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Complete Guide to Gambling in Canada

Would relaxed Gambling Laws benefit Canadian Sports?

For many fans there’s one clear way that their favourite sports are Complete Guide to Gambling in Canada even more exciting – it’s when they also have some money riding on the outcome. In fact, over the last few years, sports betting has become nearly as important for some as the action itself and winning a tidy sum while seeing a favourite team or individual player do well adds to the pleasure immeasurably.

But what many Canadians may not realise is that, strictly speaking, betting on most sports is technically against the law, Complete Guide to Gambling in Canada. We say “technically” because the whole subject is quite a grey area and involves legislation that has never been updated for the digital age.

Up until the 1960s all gambling was Ratatouille Saras Cooking Class in the country but an Yüzü Asık Kişi to the Canadian Criminal Code permitted certain forms to be introduced as long as they were administered by Complete Guide to Gambling in Canada governments.

To this day, this is the only form of gambling that is officially permitted and it is an offence for any Canadian national to market or offer betting services to other countrymen and women. But what is not covered is whether it’s legal for foreign operators based in other places around the world such as Gibraltar, Malta and the United Kingdom to offer betting services online.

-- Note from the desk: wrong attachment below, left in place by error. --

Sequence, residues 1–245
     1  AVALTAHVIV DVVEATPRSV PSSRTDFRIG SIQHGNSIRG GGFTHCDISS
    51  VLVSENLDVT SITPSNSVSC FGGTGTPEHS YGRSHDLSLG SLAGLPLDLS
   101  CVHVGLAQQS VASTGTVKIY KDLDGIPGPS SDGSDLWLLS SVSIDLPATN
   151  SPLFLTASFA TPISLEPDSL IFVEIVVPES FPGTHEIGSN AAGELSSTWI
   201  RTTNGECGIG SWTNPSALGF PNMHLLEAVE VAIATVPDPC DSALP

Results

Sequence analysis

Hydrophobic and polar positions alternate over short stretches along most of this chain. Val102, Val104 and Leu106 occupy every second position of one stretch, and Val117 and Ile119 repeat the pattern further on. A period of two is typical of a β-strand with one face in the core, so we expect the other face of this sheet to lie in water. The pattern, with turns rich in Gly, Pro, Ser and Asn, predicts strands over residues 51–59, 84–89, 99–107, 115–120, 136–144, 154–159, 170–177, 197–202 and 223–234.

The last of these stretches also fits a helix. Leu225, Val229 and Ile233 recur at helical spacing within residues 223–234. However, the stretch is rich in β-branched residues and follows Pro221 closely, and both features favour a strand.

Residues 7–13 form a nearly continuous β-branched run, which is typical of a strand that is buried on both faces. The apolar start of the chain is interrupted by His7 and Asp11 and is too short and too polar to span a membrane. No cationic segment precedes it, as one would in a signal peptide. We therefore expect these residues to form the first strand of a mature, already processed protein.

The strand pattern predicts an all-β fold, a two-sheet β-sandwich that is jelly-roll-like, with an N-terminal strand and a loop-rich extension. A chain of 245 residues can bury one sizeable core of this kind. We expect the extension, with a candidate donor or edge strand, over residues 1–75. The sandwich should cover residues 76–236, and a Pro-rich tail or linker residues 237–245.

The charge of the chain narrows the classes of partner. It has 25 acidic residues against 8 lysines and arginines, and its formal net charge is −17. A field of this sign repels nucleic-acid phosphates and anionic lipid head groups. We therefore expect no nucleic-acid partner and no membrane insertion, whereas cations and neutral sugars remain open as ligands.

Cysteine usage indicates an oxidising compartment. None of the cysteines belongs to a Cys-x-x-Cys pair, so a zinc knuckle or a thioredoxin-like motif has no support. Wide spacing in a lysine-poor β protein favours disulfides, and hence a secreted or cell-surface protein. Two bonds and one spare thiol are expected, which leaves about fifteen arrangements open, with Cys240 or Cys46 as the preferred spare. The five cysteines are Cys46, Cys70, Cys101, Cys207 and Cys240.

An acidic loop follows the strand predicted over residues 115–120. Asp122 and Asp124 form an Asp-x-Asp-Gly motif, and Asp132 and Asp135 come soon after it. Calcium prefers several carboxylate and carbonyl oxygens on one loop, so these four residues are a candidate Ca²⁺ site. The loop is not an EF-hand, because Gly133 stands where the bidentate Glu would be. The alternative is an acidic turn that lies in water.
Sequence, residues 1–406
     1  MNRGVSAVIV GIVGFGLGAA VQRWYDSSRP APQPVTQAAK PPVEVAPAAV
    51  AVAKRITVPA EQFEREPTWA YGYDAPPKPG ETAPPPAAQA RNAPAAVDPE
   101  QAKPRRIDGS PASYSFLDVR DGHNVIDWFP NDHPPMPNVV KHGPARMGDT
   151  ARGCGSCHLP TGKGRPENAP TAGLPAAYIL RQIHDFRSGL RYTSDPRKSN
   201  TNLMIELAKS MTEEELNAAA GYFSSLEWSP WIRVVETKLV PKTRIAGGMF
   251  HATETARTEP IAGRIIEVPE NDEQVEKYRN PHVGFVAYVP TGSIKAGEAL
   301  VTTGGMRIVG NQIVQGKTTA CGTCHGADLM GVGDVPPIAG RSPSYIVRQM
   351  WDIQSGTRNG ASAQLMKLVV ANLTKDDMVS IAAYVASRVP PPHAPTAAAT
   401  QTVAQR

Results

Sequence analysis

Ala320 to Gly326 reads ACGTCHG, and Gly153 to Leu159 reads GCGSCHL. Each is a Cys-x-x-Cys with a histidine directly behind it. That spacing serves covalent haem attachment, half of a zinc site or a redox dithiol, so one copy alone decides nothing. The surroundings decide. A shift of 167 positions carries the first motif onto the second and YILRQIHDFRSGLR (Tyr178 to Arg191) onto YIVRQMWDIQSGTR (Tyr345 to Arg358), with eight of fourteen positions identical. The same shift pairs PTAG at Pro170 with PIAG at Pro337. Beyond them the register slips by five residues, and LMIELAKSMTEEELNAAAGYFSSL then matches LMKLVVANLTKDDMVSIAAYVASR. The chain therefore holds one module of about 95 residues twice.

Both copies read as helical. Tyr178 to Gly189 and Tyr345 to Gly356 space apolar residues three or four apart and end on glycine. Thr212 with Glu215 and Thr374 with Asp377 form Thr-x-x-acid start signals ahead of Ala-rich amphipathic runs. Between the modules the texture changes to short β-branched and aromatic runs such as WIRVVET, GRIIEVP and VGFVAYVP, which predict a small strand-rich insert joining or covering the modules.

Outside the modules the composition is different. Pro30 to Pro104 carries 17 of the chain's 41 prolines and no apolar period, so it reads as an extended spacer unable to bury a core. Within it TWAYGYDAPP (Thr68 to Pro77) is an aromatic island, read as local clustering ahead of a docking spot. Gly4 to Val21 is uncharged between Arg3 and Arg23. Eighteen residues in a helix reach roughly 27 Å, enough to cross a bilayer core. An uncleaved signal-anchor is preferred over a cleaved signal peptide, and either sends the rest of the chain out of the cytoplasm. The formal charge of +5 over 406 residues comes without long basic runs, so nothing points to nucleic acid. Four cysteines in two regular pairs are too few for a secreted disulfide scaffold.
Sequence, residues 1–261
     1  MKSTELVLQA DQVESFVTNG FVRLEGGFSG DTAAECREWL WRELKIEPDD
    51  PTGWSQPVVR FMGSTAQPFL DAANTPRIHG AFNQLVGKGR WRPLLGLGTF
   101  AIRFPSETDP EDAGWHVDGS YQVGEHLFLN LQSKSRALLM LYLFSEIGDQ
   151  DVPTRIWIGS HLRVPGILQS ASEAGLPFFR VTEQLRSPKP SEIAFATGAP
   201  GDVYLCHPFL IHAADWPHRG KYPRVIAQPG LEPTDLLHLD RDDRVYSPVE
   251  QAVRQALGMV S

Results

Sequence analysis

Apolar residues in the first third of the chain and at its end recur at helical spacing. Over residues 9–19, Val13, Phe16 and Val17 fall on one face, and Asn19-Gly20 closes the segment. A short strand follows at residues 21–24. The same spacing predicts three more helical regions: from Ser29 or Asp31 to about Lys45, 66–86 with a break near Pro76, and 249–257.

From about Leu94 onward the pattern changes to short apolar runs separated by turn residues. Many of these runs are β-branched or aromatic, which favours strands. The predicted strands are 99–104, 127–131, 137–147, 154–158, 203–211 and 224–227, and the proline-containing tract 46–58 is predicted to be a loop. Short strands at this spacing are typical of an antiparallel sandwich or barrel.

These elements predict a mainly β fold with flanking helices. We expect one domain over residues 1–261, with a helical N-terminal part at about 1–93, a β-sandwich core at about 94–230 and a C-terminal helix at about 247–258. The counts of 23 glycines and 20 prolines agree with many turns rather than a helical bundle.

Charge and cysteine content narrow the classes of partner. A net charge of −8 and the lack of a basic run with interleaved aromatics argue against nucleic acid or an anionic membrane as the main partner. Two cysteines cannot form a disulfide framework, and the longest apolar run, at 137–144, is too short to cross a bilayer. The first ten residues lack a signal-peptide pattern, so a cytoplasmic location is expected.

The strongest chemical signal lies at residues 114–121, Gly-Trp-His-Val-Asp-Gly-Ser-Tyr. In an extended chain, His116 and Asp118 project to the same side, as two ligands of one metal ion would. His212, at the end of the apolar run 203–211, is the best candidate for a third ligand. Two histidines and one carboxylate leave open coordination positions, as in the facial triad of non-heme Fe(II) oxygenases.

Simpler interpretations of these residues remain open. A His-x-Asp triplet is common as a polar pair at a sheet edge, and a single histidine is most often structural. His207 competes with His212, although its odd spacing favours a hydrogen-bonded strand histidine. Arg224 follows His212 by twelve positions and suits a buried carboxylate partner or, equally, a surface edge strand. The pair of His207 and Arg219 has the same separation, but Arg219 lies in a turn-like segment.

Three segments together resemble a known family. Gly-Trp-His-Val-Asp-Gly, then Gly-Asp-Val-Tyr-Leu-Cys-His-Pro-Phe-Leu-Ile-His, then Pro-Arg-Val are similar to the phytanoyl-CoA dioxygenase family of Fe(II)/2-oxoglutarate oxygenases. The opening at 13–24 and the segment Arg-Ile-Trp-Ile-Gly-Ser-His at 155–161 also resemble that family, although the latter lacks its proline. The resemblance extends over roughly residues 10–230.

So, operating in this so-called grey zone, it’s estimated that Canadians wager around $4 billion a year with offshore operators, compared with the $500 million a year that goes on province-run sports lottery games.

It’s a huge amount of money so it’s no surprise that many have been wondering why the government hasn’t seen the opportunity to take whatever steps that may be necessary to bring the activity into the mainstream and start raising revenue by taxation, some of which could even be fed back into the sports themselves.

There has even been a move by the NDP MP Brian Masse to introduce a private member’s bill to remedy the situation by legalizing non-parlay betting and allowing the government to tax the revenue that it raises. Of course, this wouldn’t simply relate to sport betting, it would also allow the government to tap into the huge sums being wagered at online casinos too.

Masse’s argument may well have been strengthened recently by the US Supreme Court’s ruling in which it was voted 6-3 to allow sports betting nationwide. This came as a result of a challenge by New Jersey to the 1992 Professional and Amateur Sports Protection Act, arguing that Congress had exceeded its authority in passing the Act.

Among the bodies opposed to its repeal were the NFL, NBA and MLB who asserted that it could bring corruption into their sports. But one only has to look to the UK for a very good counter argument to this fact. In recent times the British have really taken sports betting to their hearts with a reported £9.518 billion being spent on it each year but with no lapse in professional standards within the sports themselves.

With all this in mind, the arguments for greater liberalisation of sports betting in Canada do seem compelling. It would clarify the law, generate valuable income for the nation and increase enjoyment for fans immeasurably. So, everyone really would be a winner!






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